"NFOPad is a free and easy to use NFO file viewer and editor. It lets you view and edit NOF, DIZ, and TXT files easily. You can change its font and background settings. It displays the ASCII art present in the NFO files correctly. You can use basic text editing functions like find, find and replace etc. easily with it. It also detects the URLs and Emails in the documents. You can associate it to directly open NFO, DIZ, and TXT files with it."

  3. Didier
    May 24, 2015 at 2:47 pm

    I used notepad to read my nfo or firefox to see the ascii art but with thoses soft the displaying quality of the ascii art is really better. THX ;)

  4. Simon Slangen
    September 2, 2009 at 2:26 pm

    The question to ask with Notepad(++) and Firefox is not 'if' there is a quality difference, but rather 'do you mind?'

  5. jesse
    September 2, 2009 at 2:07 pm

    I open mine with Firefox, i wonder if there is a quality difference?

    • anon
      February 1, 2015 at 2:36 am

      Thanks for the Firefox tip! I always used plain ol' notepad.exe to view .nfo but the formatting was frustrating!

      I just tried dragging the file over to Chrome and I'm happy to report that it displays the .nfo properly! MUCH MUCH better with formatting! I'm not sure why anyone would download another program, when, at least on Winboxes, you have a couple already built in. Now, if you were creating sweet .nfo's then by all means, check out the above mentioned progs.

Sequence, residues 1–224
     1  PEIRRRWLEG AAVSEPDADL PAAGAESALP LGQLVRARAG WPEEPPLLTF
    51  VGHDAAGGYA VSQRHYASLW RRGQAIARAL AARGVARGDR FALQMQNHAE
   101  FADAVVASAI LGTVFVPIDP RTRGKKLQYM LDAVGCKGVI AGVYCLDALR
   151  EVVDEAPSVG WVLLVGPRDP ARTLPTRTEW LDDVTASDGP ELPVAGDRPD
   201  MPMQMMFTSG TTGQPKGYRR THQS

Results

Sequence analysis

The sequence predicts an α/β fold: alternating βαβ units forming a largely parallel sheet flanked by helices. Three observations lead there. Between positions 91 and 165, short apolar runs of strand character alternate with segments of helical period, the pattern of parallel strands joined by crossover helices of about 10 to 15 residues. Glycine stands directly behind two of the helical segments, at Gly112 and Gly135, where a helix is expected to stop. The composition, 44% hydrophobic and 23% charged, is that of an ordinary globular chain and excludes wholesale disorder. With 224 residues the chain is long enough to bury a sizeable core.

6. Mida
    September 2, 2009 at 1:34 pm

    what is wrong with notepad++ and notepad :D

  7. chtrich
    August 31, 2009 at 11:37 pm

    just change the extension from .nfo to .txt and notepad works fine.

    • Nobruca
      June 6, 2020 at 4:06 pm

      Exactly. Why does anyone need an dedicated app to read a freaking TXT file?

  8. unyk
    August 31, 2009 at 1:42 am

    GetDiz is what i use & still the best IMHO.
    You can't beat Damn nfo for raw speed though.

  9. mike
    August 30, 2009 at 4:09 pm

    notepad++ and you good to go..

  10. Herbert
    August 30, 2009 at 1:16 pm

    IMHO, QuickNFO is still the best.

  11. Magnifico
    August 30, 2009 at 11:12 am

    Huh, I discovered Damn a long time ago and it has never occurred to me that there are others out there. Though, now that I think of it, that was kind of ignorant of me. Hehe. There's always another. Anyway, I think I'll give that other a try even though I can see that it has nothing I really need. I can't help myself.

  12. megeain
    August 30, 2009 at 10:40 am

    I was just to dl one of these, then i saw that you could use notepad++, did not think of that, now im just using that, thx for the tip jollyrogue.

  13. MM
    August 30, 2009 at 10:38 am

    I use GetDiz, it looks good and simple

  14. dps9682
    August 30, 2009 at 10:02 am

    standard notepad is more than enough.

    • antonio brandao
      September 3, 2009 at 9:22 am

      is more than enough, to read only. but if you start using one of these progs (I use DamnNFO) you will not want to go back. The ASCII art is properly displayed!! it makes wuite a difference.

      As a NFO reader-only person, I choose DamnNFO, I don't need the sidebar and I don't publish NFOs.

      I've used both simple notepad for a long time and DamnNFO, and today I use and recommend DamnNFO for readers.

  15. jollyrogue
    August 30, 2009 at 9:55 am

    i just use Notepad++ to open my nfos. :)

  16. Chris
    August 30, 2009 at 9:45 am

    I have been using NFOpad for awhile now. You can get it here. I originally saw it here when it was posted on LH